The size of the sensor inside a digital camera is one of the key determinants of image quality. A large sensor will generally have larger individual pixels that offer better low-light sensitivity, provide wider dynamic range, and have richer color-depth than smaller pixels in a sensor of the same technological generation. Further, a large sensor camera will give the photographer additional creative options when using shallow depth-of-field to isolate a subject from its background. On the downside, larger sensors are more costly to manufacture and tend to lead to bigger and heavier cameras and lenses.
Of the two cameras under consideration, the Hasselblad X1D features a medium format sensor and the Nikon D5100 an APS-C sensor. The sensor area in the D5100 is 74 percent smaller. As a result of these sensor size differences, the cameras have a format factor of, respectively, 0.79 and 1.5. The sensor in the X1D has a native 4:3 aspect ratio, while the one in the D5100 offers a 3:2 aspect.
With 51.3MP, the X1D offers a higher resolution than the D5100 (16.1MP), but the X1D nevertheless has larger individual pixels (pixel pitch of 5.30μm versus 4.80μm for the D5100) due to its larger sensor. Moreover, the X1D is a much more recent model (by 5 years and 2 months) than the D5100, and its sensor will have benefitted from technological advances during this time that further enhance the light gathering capacity of its pixels. Coming back to sensor resolution, it should be mentioned that the X1D has no anti-alias filter installed, so that it can capture all the detail its sensor resolves.
The resolution advantage of the Hasselblad X1D implies greater flexibility for cropping images or the possibility to print larger pictures. The maximum print size of the X1D for good quality output (200 dots per inch) amounts to 41.4 x 31 inches or 105.1 x 78.7 cm, for very good quality (250 dpi) 33.1 x 24.8 inches or 84 x 63 cm, and for excellent quality (300 dpi) 27.6 x 20.7 inches or 70 x 52.5 cm. The corresponding values for the Nikon D5100 are 24.6 x 16.3 inches or 62.6 x 41.5 cm for good quality, 19.7 x 13.1 inches or 50.1 x 33.2 cm for very good quality, and 16.4 x 10.9 inches or 41.7 x 27.6 cm for excellent quality prints.
The Hasselblad X1D-50c has a native sensitivity range from ISO 100 to ISO 25600. The corresponding ISO settings for the Nikon D5100 are ISO 100 to ISO 6400, with the possibility to increase the ISO range to 100-25600.
Since 2007, DXO Mark has published sensor performance measurements that have been derived using a consistent methodology. This service assesses and scores the color depth ("DXO Portrait"), dynamic range ("DXO Landscape"), and low-light sensitivity ("DXO Sports") of camera sensors, and also publishes an overall camera score. Of the two cameras under review, the X1D provides substantially higher image quality than the D5100, with an overall score that is 22 points higher. This advantage is based on 2.7 bits higher color depth, 1.2 EV in additional dynamic range, and 1.9 stops in additional low light sensitivity. The adjacent table reports on the physical sensor characteristics and the outcomes of the DXO sensor quality tests for a sample of comparator-cameras.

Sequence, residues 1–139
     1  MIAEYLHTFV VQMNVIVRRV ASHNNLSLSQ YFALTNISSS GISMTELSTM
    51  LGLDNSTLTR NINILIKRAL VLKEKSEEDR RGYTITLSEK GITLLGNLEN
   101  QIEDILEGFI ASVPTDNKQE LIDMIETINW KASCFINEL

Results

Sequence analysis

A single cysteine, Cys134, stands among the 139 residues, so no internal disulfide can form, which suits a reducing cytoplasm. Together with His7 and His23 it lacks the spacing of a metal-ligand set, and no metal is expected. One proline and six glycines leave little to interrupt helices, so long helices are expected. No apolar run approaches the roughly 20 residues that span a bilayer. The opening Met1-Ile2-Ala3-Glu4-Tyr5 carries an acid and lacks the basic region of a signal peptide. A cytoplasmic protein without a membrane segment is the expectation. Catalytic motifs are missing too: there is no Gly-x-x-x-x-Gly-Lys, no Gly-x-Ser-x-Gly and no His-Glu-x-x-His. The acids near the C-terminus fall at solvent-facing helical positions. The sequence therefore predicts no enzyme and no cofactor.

| DXO |
|1.||Hasselblad X1D||Medium Format||51.3||8272||6200||1080/25p||26.2||14.8||4489||102|
|3.||Canon 6D Mark II||Full Frame||26.0||6240||4160||1080/60p||24.4||11.9||2862||85|
|4.||Canon 5DS||Full Frame||50.3||8688||5792||1080/30p||24.7||12.4||2381||87|
|5.||Canon 5DS R||Full Frame||50.3||8688||5792||1080/30p||24.6||12.4||2308||86|
|6.||Fujifilm GFX 50S||Medium Format||51.1||8256||6192||1080/30p||..||..||..||..|
|7.||Hasselblad X1D II||Medium Format||51.3||8272||6200||none||..||..||..||..|
|8.||Leica SL||Full Frame||24.0||6000||4000||4K/30p||25.0||13.4||1821||88|
|10.||Nikon D850||Full Frame||45.4||8256||5504||4K/30p||26.4||14.8||2660||100|
|17.||Pentax 645Z||Medium Format||51.1||8256||6192||1080/60i||26.0||14.7||4505||101|
Many modern cameras are not only capable of taking still images, but also of capturing video footage. The two cameras under consideration both have sensors whose read-out speed is fast enough to capture moving pictures, but the D5100 provides a faster frame rate than the X1D. It can shoot movie footage at 1080/30p, while the Hasselblad is limited to 1080/25p.